Which Product to Choose?


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Top Forums UNIX for Beginners Questions & Answers Which Product to Choose?
# 1  
Which Product to Choose?

Okay, I have an Asus A8NSLI board with an Athlon 64 and I dunno, maybe 8gig Ram and Windows has crashed for the last time so I've finally had enough and I'll make it a Unix machine.

I have a new 1Tera drive and I'm all set to go.

Which brand of Unix/Linux can you advise me to go for?

The machine sits inside a home LAN of 7 machines that I look after, after a fashion.

I would like to do some video and audio editing on it - I have Magix for Windows and I use Audacity. I have web sites and run IIS on Windows, develop them (all simple) on Kompozer and upload with Filezilla. I have Kindle on the pc. I use Musescore. I have some wireless IP security cameras. I run Visual Studio, kidding myself I'll get back into programming one day.

That's about it. That's all I do.

It'd be nice if it'd do all of that. No drama if it won't. I have other machines with win10 I can continue on if necessary.

I had an old XP machine some time ago that I thought to devote to watching those IP cameras and put Xubuntu on it for that. Found it couldn't handle it. Too slow to be useful. ISpy was the software. All I could find for multiple cameras and record ability.

Got a surprise from that for I thought all Unix variants would be super quick.
Putting GUI's on it has stopped all that, I think. Right?

I would go back to command line but it is a visual world now, I can't watch IP cams with a command line OS can I?

So this time it's a much newer board, cpu and bigger drive. I expect no problem. But I'm asking. That's why I've given all the details.

What would you advise and what could I expect from it?
# 2  
First, about that XP machine. The OS's job is to stay out of the way 99% of the time while programs sit there and run; a better OS doesn't make programs run faster, just does a better job of staying out of the way. So if Windows XP doesn't have the power to do something on your hardware, neither does UNIX. I made the same mistake a long time ago, trying to install a modern Linux distro on a Pentium (no II, III, IV, or D). 32 megs of RAM. It swapped like a wounded moth Smilie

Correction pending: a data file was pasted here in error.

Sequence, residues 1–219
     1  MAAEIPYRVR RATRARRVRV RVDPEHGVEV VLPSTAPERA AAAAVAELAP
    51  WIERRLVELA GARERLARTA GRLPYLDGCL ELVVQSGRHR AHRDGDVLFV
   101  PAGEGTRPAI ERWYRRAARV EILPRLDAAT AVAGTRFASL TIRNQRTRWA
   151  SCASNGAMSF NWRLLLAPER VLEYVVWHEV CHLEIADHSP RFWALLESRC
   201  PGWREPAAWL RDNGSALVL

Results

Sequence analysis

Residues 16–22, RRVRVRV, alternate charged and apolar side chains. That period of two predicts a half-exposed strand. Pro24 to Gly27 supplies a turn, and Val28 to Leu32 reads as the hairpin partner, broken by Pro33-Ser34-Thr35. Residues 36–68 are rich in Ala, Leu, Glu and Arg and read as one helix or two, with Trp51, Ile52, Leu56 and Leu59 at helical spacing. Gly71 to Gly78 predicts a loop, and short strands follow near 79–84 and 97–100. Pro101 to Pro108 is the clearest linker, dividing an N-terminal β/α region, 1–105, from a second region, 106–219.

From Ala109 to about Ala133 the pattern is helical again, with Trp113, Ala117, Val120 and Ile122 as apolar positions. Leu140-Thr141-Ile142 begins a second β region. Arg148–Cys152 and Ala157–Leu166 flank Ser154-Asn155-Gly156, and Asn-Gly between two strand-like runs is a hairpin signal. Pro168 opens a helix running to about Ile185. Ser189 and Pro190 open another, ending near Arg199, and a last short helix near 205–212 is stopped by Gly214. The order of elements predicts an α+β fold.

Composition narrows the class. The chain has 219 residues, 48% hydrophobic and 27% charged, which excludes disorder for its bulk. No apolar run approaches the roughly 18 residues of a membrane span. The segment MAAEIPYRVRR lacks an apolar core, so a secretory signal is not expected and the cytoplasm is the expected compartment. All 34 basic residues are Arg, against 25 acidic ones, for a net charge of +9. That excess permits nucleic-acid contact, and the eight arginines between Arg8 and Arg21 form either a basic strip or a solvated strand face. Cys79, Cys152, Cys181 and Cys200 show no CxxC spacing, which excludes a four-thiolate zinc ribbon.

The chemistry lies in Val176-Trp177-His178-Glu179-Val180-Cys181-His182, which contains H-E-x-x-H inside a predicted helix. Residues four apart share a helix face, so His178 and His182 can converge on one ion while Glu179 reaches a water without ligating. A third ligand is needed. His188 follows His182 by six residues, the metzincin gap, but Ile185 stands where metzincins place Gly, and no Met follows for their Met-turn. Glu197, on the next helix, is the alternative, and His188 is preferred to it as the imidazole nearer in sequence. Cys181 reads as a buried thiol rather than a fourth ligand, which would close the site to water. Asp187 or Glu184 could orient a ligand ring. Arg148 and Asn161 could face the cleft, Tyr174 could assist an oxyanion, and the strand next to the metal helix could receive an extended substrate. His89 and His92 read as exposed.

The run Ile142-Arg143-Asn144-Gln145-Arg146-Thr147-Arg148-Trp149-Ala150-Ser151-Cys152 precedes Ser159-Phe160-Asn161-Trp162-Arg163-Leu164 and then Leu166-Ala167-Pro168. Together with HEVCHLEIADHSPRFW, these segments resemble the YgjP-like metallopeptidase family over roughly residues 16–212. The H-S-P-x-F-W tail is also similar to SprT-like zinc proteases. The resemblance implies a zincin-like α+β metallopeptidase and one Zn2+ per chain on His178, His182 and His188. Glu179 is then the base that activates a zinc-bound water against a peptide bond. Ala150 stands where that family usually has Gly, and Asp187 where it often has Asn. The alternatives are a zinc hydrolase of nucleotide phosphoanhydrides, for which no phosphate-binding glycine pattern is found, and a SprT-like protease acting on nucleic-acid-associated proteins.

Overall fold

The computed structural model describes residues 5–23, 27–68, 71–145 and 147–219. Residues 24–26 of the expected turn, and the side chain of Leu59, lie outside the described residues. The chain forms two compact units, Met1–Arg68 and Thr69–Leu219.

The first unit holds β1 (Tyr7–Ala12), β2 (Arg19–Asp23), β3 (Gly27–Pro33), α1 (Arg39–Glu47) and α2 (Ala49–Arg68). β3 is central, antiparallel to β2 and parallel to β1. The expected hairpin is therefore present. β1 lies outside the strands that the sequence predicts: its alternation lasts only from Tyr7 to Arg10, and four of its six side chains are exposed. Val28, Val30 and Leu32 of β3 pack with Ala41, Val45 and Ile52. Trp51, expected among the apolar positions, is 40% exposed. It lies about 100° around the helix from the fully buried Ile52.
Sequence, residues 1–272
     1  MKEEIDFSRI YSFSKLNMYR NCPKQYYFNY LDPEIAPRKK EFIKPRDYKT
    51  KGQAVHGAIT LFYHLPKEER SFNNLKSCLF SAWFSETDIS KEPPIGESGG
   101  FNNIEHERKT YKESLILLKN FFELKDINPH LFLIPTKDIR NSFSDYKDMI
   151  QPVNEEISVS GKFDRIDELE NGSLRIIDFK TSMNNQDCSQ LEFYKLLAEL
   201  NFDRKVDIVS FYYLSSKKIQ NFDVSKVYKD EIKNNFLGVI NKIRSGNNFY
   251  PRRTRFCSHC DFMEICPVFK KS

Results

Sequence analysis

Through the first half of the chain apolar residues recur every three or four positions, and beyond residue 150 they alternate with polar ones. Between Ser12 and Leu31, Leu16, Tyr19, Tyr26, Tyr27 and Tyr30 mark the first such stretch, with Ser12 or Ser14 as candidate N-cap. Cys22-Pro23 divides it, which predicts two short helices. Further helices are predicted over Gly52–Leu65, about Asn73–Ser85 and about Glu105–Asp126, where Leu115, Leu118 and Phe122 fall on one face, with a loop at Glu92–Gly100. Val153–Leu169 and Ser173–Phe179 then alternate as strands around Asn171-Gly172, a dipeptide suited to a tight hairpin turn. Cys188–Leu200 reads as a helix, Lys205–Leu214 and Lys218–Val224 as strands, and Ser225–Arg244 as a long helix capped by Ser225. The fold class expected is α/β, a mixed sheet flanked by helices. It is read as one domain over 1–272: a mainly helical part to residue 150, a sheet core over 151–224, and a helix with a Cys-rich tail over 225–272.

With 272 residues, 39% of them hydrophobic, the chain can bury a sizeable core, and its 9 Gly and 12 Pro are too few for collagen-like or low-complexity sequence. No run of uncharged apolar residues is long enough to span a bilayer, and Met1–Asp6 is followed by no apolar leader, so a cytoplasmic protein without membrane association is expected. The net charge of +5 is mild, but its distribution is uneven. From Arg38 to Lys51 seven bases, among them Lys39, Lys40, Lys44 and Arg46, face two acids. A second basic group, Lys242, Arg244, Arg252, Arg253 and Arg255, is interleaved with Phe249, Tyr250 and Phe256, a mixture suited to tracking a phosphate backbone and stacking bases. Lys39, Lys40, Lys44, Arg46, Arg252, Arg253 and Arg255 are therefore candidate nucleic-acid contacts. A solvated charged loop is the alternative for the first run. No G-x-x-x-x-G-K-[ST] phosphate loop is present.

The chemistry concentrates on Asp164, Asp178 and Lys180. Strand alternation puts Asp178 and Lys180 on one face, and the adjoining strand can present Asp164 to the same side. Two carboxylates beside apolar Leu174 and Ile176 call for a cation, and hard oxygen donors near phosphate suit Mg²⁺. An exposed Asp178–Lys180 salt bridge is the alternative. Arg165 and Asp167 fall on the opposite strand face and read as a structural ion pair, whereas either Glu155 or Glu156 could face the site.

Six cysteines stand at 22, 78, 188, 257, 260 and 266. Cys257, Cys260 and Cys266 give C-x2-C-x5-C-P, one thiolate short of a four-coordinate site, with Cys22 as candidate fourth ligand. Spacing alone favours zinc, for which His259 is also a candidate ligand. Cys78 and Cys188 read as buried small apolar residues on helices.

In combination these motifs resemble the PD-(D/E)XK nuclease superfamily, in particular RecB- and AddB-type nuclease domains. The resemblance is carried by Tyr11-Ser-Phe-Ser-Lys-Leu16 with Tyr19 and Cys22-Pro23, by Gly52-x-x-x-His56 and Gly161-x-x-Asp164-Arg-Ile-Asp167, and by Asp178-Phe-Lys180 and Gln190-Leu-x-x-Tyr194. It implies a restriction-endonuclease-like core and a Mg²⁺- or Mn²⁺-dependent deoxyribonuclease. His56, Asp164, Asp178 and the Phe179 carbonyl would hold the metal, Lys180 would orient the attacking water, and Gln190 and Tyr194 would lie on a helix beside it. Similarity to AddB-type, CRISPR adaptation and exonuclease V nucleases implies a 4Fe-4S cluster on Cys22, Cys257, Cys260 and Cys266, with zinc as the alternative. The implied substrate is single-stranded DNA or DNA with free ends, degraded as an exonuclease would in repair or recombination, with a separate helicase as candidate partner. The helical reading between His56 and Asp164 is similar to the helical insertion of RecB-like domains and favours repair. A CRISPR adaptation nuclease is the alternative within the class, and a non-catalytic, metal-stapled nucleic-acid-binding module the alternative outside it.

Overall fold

Further, distro's advertised as "easy" are aimed at modern consumer PC specs and have grown-up resource requirements. Install that loadout on an old computer(Anything with an XP sticker is likely 10-15 years old) and it will be sucking sand. Your best bet for that kind of distro is to install on a computer one or two models behind - old enough its hardware is well-supported, but not so old that its performance is poor.

What Linux is better at than Windows, I think -- even in the era of quad-core computers - is sharing processing power so things don't lag out as much. Linux couldn't do miracles with my ancient, dismal Duron, but it could run a compile and an MP3 player at the same time without stuttering.

If you want a general purpose Windows like experience with a lot of default choices made for you, try Ubuntu. If you want to build a super lean task-specific machine, try Debian.

Last edited by Corona688; 11-14-2016 at 12:41 PM..
# 3  
Well I've got Mint running on it now. In fact this is it, I'm using it right now.

It's not a tiger. I suspect perhaps not as quick as XP was when I first put it on this board/cpu (call that a machine, maybe?) but it's quick enough, so far anyway.

We'll see how it goes when we get down the track a bit, audio and video processing.

What it is doing is settling down my mind considerably. That creaking on XP install had me nervous about another hangup all the time.

I began to shun the machine.

Nice to be back on it. It has a good monitor and keyboard.

Nice to be back with Linux again, too, after 20 years. Not that you'd know it nowadays with the GUI, looks just like Windows. But I guess the underlying C will begin to manifest as I go further....

I look forward to it...
# 4  
I am with Corona688 here.
I have messed with Linux since YGGDRASIL Fall '95 edition and tried out many until I hit Debian. This was the single most stable platform I have ever had. I could not make it crash and I hammer the hardware hard.
A close second was PCLinuxOS which was more user friendly.
I run Mint 17 at the moment but my other laptop is going to have the current Debian on it.
As for a development tool they all have gcc as a _builtin_ along with many other installed or ready to be DLed from the repositories.
Audacity is a standard install too.
There are small footprint Linux flavours, just do a Google...
Hope this helps...
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